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MTB News and Notes: Kabush off Kona; Kintner to Yeti

Big team news this week came courtesy of the Kona camp, which unveiled its 2004 squad as well as a unique new sponsor. But it was the one name missing from the roster that grabbed most of the attention. After spending the previous seven years aboard a Kona, Canadian cross-country pro Geoff Kabush will not be back with the team in 2004. The reason for the parting of ways depends on whom you ask, but it’s safe to say it wasn’t the most harmonious ending. “I spent a little time checking to see what else was out there, then decided that I wanted to be back with Kona,” explained Kabush. “But

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By Jason Sumner, VeloNews associate editor

Big team news this week came courtesy of the Kona camp, which unveiled its 2004 squad as well as a unique new sponsor. But it was the one name missing from the roster that grabbed most of the attention.

After spending the previous seven years aboard a Kona, Canadian cross-country pro Geoff Kabush will not be back with the team in 2004. The reason for the parting of ways depends on whom you ask, but it’s safe to say it wasn’t the most harmonious ending.

“I spent a little time checking to see what else was out there, then decided that I wanted to be back with Kona,” explained Kabush. “But during that time something changed in [Kona founder and president] Jake [Heilbron’s] mind. I was really hoping it could work out, but it didn’t.”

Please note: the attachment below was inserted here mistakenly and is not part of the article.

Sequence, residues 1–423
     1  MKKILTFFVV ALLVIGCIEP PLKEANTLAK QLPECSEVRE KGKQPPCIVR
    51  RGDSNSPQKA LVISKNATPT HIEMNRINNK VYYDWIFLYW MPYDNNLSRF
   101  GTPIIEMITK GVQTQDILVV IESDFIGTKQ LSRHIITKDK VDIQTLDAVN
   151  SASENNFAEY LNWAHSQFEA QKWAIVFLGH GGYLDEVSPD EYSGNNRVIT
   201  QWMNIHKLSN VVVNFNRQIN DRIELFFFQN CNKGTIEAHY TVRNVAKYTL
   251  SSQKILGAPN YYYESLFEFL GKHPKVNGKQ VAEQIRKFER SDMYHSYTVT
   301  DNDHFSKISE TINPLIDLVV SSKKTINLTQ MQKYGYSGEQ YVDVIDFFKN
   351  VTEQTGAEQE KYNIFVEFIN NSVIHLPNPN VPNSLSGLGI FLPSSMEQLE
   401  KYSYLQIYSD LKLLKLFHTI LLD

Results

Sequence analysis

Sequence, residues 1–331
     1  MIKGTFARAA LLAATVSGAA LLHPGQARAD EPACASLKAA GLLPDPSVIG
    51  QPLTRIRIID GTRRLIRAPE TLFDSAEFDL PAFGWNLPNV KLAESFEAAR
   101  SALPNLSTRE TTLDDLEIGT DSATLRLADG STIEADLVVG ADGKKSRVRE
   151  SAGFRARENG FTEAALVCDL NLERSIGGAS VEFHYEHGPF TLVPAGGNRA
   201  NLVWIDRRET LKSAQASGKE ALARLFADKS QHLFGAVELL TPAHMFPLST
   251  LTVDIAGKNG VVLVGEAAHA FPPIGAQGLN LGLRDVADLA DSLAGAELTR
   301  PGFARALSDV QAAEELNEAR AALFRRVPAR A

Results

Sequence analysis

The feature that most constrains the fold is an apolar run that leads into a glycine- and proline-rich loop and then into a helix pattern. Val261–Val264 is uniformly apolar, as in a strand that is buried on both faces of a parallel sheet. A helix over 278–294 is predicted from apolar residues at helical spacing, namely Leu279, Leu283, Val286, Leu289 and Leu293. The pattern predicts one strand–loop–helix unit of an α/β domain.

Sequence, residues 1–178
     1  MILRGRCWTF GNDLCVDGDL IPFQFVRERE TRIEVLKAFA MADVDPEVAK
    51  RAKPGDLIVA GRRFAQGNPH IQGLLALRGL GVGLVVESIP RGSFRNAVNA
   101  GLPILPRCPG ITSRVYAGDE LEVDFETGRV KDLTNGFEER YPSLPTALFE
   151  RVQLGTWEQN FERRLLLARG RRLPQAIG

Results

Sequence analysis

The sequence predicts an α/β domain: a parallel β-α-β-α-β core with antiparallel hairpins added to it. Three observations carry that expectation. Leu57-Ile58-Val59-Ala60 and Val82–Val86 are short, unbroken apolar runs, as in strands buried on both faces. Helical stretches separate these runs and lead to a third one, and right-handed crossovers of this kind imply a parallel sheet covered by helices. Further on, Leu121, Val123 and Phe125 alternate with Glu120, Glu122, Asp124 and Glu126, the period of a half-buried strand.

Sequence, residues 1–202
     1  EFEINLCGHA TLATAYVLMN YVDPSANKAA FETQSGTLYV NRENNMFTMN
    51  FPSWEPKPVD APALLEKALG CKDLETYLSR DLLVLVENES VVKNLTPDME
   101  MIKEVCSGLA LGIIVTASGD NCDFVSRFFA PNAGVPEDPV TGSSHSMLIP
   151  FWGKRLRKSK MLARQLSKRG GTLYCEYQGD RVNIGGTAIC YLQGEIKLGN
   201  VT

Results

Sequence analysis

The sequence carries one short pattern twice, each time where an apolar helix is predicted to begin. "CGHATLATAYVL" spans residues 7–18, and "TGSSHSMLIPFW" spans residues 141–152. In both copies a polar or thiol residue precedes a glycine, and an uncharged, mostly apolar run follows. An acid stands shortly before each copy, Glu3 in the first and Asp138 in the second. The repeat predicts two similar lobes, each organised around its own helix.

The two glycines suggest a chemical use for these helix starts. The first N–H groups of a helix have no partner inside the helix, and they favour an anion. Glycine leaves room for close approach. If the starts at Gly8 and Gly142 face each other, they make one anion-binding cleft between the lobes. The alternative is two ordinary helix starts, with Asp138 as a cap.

Heilbron’s take on the matter took a slightly different track; he said Kabush simply wanted too much money.

“We made him an offer in September that we thought was fair,” Heilbron said. “Then we went back and forth for a while with Geoff trying to get more [money].”

Heilbron admitted that his offer to Kabush was less than what the cross-country pro had been making during his last contract, a three-year deal that expired at the end of the 2003 season.

“I think both Geoff and Kona expected his results to be at a higher level [during those three years],” Heilbron said. “So maybe he was a little overpaid during that time. He was also probably a little underpaid before that.”

Coming into the 2001 season it was Kabush who was being picked by many to be the next great Canadian mountain biker; not Roland Green or Ryder Hesjedal. He had finished a surprising ninth at the Sydney Olympics and had been in the top 10 at four of the five NORBA cross-country races that year.

But Kabush didn’t make the next big leap that some — including his team — were expecting, as he’s yet to earn a victory at a NORBA or World Cup race.